Over 100 drug dealers surrender in Bangladesh crackdown
In 2018, Bangladesh launched a ‘war on drugs’ after the proliferation of illegal substances, mostly pills called ‘yaba’.
Dhaka, Bangladesh – Over 100 Bangladeshi drug dealers have surrendered to the authorities at a pre-scheduled ceremony in a coastal town seeking clemency and vowing to go back to a normal life.
The unprecedented event on Saturday was prompted by a Philippines-style massive anti-narcotic crackdown, which led to the killing of nearly 300 people and arrests of about 25,000 others since May of last year.
Bangladesh last year launched a “war” on drugs following a proliferation of illegal substances in the South Asian nation of 165 million people, mostly of cheap methamphetamine pills known as “yaba”.
Those who surrendered before the country’s Home Minister Asaduzzaman Khan at Teknaf town in the coastal Cox’s Bazar district included drug traders, traffickers and several “godfathers”.
They surrendered a total of 350,000 vanilla-scented, pink-coloured pills of “yaba” – which derives its name from a Thai word that means a “crazy medicine” – and dozens of illegal firearms.
“I was leading my life towards a wrong path. I regret my past activities,” said Sirajul Islam, one of the drug traffickers who surrendered.
“I want your blessings so that I would be able to live a better life and work for building a drug-free society.”
Islam hails from Teknaf, a southeastern coastal town bordering Myanmar, which is known as a hub of “yaba” smuggling and trading.
He was named in the list of 1,151 “yaba” traders prepared by the country’s Ministry of Home Affairs after the proliferation of the pills in the past few years.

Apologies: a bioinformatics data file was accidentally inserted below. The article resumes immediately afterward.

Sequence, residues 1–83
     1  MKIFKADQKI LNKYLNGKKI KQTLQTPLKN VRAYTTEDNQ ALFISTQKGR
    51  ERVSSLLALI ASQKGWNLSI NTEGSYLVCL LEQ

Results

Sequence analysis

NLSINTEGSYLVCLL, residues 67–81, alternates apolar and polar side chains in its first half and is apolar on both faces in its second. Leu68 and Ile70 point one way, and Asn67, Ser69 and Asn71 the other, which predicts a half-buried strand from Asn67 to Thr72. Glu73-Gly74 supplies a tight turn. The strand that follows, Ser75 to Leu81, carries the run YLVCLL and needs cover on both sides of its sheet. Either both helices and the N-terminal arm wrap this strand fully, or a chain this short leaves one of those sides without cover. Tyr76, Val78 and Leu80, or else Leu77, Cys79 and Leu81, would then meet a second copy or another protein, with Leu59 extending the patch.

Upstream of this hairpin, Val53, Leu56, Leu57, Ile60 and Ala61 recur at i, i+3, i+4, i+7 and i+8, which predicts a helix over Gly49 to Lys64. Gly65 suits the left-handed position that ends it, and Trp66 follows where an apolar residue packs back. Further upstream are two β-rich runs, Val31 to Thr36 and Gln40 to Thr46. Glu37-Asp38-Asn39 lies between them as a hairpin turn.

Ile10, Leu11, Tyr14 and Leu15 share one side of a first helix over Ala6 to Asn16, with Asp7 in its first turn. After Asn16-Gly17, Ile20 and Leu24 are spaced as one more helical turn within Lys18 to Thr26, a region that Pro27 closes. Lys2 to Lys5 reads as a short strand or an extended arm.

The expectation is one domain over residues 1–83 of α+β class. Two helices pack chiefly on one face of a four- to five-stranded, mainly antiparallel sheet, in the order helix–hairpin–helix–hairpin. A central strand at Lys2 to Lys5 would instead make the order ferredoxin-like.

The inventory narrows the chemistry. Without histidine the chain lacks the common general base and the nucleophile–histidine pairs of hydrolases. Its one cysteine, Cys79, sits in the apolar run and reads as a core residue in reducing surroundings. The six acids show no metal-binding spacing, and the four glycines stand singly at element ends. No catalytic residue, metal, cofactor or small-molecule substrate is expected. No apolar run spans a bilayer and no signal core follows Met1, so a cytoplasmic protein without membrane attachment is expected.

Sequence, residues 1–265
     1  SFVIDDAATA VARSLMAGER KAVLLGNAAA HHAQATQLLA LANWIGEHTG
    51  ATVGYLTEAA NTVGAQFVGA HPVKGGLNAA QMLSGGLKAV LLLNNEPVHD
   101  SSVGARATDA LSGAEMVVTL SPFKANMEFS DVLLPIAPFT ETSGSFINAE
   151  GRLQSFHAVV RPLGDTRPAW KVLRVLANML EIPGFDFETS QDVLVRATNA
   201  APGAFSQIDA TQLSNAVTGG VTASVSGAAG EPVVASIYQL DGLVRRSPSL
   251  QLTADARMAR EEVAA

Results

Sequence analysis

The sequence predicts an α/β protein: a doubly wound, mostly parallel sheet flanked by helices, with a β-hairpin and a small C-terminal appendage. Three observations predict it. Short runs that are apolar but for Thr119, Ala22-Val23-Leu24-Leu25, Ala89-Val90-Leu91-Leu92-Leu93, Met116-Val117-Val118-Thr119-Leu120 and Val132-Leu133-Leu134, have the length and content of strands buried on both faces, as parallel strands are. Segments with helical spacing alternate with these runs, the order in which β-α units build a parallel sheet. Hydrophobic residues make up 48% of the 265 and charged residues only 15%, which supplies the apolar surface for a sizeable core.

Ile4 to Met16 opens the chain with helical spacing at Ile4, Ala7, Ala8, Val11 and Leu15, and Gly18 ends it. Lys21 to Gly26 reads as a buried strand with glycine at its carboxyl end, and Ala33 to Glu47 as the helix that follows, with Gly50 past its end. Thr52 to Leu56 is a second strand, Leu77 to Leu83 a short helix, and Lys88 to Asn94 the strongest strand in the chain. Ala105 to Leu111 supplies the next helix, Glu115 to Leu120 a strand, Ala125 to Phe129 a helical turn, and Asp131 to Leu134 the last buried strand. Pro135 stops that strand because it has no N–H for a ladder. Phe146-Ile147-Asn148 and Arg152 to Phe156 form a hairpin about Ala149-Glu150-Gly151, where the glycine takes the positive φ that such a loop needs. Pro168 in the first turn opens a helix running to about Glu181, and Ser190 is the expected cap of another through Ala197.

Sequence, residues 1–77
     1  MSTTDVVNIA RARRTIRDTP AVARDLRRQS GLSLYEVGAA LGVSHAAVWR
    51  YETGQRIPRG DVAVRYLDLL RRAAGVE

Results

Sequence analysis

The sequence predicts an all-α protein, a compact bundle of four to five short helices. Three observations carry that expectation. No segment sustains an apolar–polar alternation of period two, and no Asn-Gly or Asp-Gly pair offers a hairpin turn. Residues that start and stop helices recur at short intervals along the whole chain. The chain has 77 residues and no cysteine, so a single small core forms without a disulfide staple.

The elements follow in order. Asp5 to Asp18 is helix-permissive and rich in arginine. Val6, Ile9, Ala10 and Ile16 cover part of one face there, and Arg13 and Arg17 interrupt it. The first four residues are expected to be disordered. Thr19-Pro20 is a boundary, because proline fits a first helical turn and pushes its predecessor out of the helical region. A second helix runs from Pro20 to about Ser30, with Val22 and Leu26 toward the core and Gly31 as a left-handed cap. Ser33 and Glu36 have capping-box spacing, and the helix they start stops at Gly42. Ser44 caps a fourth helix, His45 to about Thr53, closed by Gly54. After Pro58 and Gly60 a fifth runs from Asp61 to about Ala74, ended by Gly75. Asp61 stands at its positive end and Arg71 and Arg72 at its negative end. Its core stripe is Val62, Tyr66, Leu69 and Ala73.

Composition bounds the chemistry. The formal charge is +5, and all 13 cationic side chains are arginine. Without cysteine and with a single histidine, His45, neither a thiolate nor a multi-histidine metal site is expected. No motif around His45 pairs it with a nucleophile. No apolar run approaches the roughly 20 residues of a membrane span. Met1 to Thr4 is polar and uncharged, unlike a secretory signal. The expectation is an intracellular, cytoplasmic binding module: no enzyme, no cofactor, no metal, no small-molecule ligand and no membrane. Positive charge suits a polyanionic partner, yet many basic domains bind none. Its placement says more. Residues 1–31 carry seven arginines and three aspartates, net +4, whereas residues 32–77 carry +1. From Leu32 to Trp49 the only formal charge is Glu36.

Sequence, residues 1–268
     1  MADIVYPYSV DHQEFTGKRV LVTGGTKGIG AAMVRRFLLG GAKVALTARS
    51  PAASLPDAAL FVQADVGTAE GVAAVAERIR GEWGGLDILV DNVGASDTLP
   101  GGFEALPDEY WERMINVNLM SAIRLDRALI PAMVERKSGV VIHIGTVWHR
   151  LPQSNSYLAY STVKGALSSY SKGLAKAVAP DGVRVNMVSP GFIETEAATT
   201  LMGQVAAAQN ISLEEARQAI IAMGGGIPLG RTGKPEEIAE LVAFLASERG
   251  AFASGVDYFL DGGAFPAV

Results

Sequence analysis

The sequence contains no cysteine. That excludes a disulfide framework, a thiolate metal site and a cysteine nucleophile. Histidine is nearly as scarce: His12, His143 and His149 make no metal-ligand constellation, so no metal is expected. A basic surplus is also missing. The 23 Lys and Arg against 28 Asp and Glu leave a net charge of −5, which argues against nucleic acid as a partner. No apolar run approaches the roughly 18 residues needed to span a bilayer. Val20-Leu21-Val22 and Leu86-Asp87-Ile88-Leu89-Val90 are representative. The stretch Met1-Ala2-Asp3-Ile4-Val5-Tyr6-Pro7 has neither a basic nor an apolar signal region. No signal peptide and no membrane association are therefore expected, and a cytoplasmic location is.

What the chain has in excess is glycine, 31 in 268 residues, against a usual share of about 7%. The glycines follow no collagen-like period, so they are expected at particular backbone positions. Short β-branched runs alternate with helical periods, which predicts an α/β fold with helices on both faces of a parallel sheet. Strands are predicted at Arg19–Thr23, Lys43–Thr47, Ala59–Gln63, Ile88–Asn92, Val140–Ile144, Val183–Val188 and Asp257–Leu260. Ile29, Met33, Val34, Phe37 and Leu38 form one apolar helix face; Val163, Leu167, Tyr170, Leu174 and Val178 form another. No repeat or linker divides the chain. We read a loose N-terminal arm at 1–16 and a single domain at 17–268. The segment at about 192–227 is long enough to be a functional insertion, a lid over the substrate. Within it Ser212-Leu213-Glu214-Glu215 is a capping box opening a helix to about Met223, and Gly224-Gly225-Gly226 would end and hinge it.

Of those traders, 73 were named the “yaba godfathers”. On Saturday, a total of 24 such godfathers surrendered, police sources said.
Data from the country’s Department of Narcotics Control said some seven million people use drugs, with “yaba” the most popular substance.
Law enforcerment officials seized a record 53 million yaba pills in 2018.
In May of last year, Bangladesh started a Philippines-style war on drugs after Prime Minister Sheikh Hasina declared a zero-tolerance policy against illegal drugs.
In October, Bangladeshi authorities made “yaba” a class-A banned substance and the country’s parliament passed a law allowing the death penalty for those dealing in the drug.
A second chance
“This formal surrender is a part of the government’s ongoing war against drugs,” said Home Minister Khan at the programme. “Those who surrendered would be given a second chance to live a normal life.”
“Those who haven’t surrendered yet would face dire consequences,” he warned.
Inspector General of Bangladesh Police Javed Patwary said the government will “sincerely try to ensure a better life to those who surrendered today, and if needed they will be rehabilitated”.
“The police will also advocate for lesser sentences for them,” said Patwary.
Cox’s Bazar police superintendent ABM Masud Hossain told Al Jazeera that the surrender of drug dealers was conditional and their ill-gotten wealth would be investigated by the authorities.
“They will not receive any general amnesty but will have to face legal action as per the law,” said Hossain, adding that two separate cases (for drugs and arms) will be filed against those who surrendered and they will be jailed.
When asked whether there would be any more public surrenders like this, Hossain said, “There might be. Our war against drugs hasn’t ended with these surrenders. There are still a lot of traders out there.”
Talking to Al Jazeera, human rights activist Nur Khan Liton said a number of drug dealers were killed “extra-judicially” last year.
“I believe those killings instilled fear among the drug dealers, thus this public surrender has happened.”
Like the Philippines, Liton said, the current Bangladesh regime wanted to create a public spectacle out of this “war on drugs”.
Philippine President Rodrigo Duterte‘s highly controversial anti-drug crackdown has killed thousands of alleged users and pushers since 2016.
“What we need to monitor is whether this war would really reduce the proliferation of drugs in Bangladesh,” said Liton.